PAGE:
Why Toronto Needs A Fare Increase

Back on August 19, The Star’s Tess Kalinowski ran an article about TTC fares including remarks from me advocating an increase.

Let’s get this straight: Pro-car Mayor Rob Ford has told the TTC it can’t hike fares to solve its budget problems. Meantime the city’s leading transit advocate is calling a fare freeze “madness” given the system’s operating challenges.

Streetcar crusader and transit blogger Steve Munro believes predictable, moderate fare increases are preferable to service cuts, given that the TTC is facing an $85 million operating shortfall next year.

“If they have a fare freeze this year on top of other cuts they’re contemplating, it will be disastrous … just at the time the system is doing so well,” he said, referring to the 15 million more riders the TTC is anticipating next year.

Politicians of all stripes are spooked by fare hikes, says Munro. By holding down transit prices, Ford is just repeating the actions of his predecessor, David Miller, who also pledged a fare freeze in 2009.

The article set off a storm of comments divided between those who feel that going to riders for more money is the wrong approach; those who take a hard line attitude that the problem lies entirely with inefficiency, poor management and union contracts; and those who agree, one way or another, with my position.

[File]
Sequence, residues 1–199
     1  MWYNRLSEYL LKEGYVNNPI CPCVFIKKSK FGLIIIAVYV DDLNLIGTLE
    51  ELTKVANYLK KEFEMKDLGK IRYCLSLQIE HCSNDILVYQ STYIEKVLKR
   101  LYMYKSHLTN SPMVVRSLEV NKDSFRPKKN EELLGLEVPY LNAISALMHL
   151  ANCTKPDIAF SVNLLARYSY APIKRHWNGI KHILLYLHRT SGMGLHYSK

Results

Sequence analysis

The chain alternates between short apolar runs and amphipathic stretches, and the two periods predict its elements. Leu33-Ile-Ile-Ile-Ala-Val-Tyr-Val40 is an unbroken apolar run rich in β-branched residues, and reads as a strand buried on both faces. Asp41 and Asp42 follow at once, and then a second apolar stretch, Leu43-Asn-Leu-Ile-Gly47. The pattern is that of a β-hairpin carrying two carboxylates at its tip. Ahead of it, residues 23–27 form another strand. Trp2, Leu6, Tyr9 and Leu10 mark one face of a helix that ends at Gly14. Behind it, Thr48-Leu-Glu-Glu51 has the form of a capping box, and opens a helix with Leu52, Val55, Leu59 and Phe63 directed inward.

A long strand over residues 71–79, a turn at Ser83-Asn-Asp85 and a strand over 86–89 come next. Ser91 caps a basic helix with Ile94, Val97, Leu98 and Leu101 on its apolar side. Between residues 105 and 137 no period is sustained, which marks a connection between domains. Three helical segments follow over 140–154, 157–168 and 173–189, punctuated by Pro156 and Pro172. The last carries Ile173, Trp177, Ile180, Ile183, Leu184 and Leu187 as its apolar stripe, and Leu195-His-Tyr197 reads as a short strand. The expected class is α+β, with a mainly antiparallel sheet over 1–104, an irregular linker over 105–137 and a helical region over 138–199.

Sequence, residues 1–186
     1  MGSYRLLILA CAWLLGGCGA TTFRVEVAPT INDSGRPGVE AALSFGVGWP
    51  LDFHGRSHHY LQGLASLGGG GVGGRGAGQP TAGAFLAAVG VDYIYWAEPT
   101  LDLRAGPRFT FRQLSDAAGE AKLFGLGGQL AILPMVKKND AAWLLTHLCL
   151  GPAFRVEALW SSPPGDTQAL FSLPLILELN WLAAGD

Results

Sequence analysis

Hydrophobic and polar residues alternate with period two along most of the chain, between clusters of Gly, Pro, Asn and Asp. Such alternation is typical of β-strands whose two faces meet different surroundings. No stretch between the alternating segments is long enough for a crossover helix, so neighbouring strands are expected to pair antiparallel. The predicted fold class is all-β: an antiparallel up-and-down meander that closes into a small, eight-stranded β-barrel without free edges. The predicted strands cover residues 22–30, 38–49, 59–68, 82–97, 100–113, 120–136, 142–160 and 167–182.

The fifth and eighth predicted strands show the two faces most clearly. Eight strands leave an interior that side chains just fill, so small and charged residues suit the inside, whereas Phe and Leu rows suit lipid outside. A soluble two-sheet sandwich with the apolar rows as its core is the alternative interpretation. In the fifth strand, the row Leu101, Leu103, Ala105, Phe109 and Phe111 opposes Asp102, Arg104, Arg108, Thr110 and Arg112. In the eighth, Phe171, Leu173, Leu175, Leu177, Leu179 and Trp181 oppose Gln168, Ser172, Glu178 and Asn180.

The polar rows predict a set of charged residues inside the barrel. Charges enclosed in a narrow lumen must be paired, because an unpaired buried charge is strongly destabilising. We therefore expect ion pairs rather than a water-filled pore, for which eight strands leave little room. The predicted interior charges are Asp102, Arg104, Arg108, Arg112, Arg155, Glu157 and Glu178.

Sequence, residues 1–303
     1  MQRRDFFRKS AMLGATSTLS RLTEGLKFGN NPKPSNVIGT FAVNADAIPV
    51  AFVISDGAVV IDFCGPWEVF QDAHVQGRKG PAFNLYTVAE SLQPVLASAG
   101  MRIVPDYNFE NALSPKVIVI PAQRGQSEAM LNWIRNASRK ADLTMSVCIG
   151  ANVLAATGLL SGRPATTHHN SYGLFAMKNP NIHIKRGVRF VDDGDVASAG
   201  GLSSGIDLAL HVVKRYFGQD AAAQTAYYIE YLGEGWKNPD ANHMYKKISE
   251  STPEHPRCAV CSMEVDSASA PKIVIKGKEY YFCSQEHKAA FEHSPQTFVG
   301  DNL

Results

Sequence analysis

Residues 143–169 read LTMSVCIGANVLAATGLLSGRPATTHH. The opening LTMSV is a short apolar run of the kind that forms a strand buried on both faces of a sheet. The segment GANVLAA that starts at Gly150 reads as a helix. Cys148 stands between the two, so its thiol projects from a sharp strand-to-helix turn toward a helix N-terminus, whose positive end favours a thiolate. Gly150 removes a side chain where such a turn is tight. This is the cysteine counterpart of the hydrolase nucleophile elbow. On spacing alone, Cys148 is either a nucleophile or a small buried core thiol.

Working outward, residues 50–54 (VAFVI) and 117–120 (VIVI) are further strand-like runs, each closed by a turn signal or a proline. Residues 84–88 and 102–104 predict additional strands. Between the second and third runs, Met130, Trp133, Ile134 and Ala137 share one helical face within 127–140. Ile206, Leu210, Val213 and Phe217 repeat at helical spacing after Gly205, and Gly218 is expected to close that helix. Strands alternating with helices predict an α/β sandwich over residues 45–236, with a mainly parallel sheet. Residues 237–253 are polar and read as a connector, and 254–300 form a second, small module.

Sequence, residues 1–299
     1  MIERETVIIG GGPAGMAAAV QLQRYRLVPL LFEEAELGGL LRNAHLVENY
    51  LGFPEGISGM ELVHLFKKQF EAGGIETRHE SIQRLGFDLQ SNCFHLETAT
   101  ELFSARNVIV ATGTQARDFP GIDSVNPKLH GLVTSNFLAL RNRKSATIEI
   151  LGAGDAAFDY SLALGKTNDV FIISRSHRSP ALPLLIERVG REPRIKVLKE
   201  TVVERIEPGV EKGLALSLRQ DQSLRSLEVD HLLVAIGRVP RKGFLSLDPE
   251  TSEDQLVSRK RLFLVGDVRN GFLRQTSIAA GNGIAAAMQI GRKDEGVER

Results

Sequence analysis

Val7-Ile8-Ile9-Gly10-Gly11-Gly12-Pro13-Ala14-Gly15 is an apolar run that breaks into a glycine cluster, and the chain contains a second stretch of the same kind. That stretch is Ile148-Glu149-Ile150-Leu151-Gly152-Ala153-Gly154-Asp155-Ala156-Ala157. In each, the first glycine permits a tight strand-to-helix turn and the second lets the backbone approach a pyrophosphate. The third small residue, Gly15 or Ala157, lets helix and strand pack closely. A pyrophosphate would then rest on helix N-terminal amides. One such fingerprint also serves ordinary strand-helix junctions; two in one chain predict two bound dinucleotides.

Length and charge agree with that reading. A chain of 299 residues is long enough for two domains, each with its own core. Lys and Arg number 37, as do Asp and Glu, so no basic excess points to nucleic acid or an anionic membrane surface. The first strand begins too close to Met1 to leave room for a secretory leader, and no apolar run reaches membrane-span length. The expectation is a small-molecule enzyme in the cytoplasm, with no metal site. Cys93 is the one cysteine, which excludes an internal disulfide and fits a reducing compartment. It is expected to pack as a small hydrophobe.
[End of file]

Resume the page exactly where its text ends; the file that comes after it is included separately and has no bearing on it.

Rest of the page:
Heather Mallick picked up the topic in her column on August 22 arguing that fare increases hurt the poor who are more likely to pay using the most expensive fare medium, the single cash fare.

My position on fares has been quite consistent for years.  Service is the most important “product” the TTC has to sell, and if we compromise the ability to give good service to riders, we might as well shut down the system.  Fares are one component of the revenue tools available to the TTC, and by contrast with many other cities, Toronto’s fares are the main funding for day-to-day operations.

While we might play around with fare structures and subsidies, transit costs overall will rise through a combination of inflation, wage increases and system expansion.  Unless there is an endless supply of new money, or a decision to cap the scale and scope of transit service, fares cannot be frozen forever.

Politically we lurch from regime to regime with policy changes on funding for and the role of transit.  Many decisions take place in the context of improvements or cutbacks in previous administrations.  Reports going back decades recommend modest annual fare increases at roughly the level of inflation, but we never see this implemented.  Multi-year freezes alternate with big jumps in fares, and these are especially hard to sell when subsidy cutbacks force more of the load onto the farebox. Continue reading

Service Changes for September 4, 2011

Many service changes are coming in September 2011 including additional service on routes that are now overcrowded.  However, the TTC will be considering lower standards for crowding (the “there’s still room on the roof” school of service planning), and many of these changes could be short lived.  (I will turn to budgetary issues in my next article.)